Day By Day© by Chris Muir.

Monday, November 14, 2005

No question as to why Britain is one of the world's terrorist breeding grounds

England has taken another step towards legitimizing terrorism or, at least, terrorists. In The Independent the other day, the newspaper, mixed in with obituraries about a ballet dancer, an Earl and a writer, gave full honors to a dead terrorist:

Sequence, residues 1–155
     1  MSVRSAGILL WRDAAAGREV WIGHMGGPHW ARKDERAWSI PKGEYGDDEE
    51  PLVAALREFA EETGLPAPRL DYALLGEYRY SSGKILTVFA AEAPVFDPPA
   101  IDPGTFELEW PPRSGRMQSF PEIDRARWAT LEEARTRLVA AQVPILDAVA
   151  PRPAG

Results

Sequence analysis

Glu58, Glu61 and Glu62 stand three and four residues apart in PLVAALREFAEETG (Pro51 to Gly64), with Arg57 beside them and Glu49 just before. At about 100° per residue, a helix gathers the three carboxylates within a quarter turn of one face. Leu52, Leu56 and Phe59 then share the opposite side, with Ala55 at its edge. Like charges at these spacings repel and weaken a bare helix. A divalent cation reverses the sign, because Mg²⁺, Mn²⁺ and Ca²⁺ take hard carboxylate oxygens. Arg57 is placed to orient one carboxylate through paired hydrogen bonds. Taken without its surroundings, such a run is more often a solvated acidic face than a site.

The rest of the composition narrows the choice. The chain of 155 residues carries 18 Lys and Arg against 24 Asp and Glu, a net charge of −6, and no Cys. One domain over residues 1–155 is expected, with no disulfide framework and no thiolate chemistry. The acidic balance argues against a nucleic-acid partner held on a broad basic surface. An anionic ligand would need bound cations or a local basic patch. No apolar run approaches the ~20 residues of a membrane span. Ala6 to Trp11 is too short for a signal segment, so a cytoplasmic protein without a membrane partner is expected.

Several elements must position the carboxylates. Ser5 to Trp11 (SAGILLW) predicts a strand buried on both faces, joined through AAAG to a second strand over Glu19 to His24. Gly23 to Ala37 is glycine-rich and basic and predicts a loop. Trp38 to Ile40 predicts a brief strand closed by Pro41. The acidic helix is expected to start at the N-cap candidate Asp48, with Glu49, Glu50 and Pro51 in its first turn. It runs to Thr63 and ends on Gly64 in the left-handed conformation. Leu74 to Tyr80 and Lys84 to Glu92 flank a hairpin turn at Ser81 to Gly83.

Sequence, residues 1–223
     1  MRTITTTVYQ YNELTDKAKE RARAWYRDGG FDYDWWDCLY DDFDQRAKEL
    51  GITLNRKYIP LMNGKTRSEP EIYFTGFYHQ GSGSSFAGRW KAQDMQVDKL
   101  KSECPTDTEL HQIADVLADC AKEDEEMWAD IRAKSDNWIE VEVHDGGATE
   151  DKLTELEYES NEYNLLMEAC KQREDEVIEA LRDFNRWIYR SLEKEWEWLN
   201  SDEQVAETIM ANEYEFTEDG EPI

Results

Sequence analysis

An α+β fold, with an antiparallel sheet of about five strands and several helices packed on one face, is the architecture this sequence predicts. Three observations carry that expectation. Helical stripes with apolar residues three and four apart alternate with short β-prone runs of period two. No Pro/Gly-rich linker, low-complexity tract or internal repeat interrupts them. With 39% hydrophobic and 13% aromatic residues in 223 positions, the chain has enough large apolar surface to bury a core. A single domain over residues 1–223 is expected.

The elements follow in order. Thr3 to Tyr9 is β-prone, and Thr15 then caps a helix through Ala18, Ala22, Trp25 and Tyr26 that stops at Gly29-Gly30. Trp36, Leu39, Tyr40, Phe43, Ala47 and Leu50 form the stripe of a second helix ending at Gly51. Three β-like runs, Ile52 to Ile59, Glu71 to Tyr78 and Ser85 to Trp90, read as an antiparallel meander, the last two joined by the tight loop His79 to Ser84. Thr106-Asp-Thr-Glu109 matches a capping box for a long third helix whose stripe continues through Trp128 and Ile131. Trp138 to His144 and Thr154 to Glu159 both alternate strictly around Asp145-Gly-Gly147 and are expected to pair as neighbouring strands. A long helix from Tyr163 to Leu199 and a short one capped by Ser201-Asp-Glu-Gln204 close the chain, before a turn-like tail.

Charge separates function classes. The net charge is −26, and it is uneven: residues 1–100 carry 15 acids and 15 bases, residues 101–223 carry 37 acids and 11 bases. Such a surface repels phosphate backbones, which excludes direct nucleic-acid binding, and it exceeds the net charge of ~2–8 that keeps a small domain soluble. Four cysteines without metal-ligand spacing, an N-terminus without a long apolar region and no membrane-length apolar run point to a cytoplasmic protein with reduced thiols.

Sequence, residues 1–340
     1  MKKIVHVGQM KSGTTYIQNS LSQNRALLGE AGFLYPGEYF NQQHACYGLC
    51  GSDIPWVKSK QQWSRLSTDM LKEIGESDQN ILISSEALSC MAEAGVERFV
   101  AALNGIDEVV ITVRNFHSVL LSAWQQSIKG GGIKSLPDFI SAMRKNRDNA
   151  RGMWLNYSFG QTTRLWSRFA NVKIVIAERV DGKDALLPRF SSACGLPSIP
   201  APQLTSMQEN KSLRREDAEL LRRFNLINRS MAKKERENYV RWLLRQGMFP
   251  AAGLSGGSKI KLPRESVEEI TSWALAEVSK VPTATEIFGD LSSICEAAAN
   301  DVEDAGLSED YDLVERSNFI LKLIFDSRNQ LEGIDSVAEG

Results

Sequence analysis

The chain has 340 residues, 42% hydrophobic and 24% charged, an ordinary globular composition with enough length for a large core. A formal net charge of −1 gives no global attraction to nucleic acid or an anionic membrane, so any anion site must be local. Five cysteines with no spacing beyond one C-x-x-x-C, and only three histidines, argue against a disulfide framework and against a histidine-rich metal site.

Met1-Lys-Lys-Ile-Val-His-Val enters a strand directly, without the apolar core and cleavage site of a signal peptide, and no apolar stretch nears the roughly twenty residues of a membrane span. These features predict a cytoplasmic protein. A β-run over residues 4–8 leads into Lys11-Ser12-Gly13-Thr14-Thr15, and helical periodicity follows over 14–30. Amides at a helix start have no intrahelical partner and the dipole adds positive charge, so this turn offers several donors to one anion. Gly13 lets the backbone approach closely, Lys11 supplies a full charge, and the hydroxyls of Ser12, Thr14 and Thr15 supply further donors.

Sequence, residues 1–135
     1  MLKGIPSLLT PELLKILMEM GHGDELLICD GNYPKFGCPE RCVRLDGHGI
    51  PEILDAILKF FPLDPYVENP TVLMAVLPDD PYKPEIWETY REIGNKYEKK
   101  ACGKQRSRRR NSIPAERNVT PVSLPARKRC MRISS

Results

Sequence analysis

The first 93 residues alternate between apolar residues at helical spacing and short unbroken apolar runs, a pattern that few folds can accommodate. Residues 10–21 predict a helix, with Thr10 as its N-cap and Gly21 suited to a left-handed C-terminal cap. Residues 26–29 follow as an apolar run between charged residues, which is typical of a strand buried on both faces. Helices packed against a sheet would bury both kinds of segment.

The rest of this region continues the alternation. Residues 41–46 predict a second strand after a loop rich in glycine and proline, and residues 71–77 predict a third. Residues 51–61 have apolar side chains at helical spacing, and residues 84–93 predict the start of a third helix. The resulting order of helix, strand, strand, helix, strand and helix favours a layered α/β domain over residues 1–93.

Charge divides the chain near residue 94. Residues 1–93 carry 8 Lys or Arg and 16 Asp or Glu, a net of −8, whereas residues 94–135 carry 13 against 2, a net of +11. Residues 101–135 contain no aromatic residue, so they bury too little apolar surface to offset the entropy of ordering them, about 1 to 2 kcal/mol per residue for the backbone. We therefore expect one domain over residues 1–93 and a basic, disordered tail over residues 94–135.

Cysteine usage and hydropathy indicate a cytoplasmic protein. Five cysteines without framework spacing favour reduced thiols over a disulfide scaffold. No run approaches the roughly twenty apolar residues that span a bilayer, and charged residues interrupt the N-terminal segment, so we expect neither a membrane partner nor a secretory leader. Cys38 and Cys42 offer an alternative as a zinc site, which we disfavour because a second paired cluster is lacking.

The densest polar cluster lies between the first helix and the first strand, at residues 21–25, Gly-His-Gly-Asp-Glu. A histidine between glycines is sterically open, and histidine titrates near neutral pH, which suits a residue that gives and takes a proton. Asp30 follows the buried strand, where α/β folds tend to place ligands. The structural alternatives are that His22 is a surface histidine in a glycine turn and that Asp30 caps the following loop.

What do ballet dancer Fernando Bujones, science fiction author Michael Coney, royal photographer Earl of Lichfield and arch terrorist Azahari Bin Husin have in common? All four apparently belong on the same obituaries page, according to British newspaper The Independent at least. Husin's obituary, published Monday on the newspaper's website, paints an almost genteel picture of the terrorist, who was 50 at the time of his death. "Contemporaries remember his fondness for women, sport, and fast cars," the obituary reads. Husin was born in Malaysia, where he received a degree in statistics, but instead of dealing with numbers, the promising scientist chose to deal with explosives, and turned into the number one wanted terror suspect in southeast Asia. Together with his colleagues, Husin headed the Jama's Islamiya terror group, al-Qaeda's Asian branch. Husin was viewed as the group's "brains" and the driving force behind a number of attacks in Bali and Jakarta, in which 245 people were murdered. He was killed in a shootout with Indonesian security personnel, who encircled his home, where he was staying with other terror network leaders. After an hour of fire exchanges, Husin realized that his fate was sealed and blew himself up. Soldiers who entered the house found large quantities of explosives, and a document which detailed plans to blow up Christian schools and churches in Jakarta, in an attack planned for Christmas. The Independent's obituary page will apparently have to explain its odd selection of placing an obituary for Husin to the families of the 26 British tourists who were killed in the Bali attacks. According to the obituary, "After submitting his doctoral thesis, he (Husin) left Britain for employment in Jakarta as a property-market analyst, but found he preferred life in academia. He married a co-lecturer at the University Teknologi Malaysia at Skudai, Johor, where he eventually was appointed Associate Professor of Valuation and known for his lively classes." The newspaper also reports that Husin "turned to religion" after his wife had trouble conceiving a child, and "following visits to a Muslim faith healer, she became pregnant and bore two children in quick succession." "After she was diagnosed with throat cancer, Azahari became extremely pious. He embraced jihad," said the Independent. The obituary concludes with a quote by Husin: "'I have a greater cause in life. It is to serve God.'"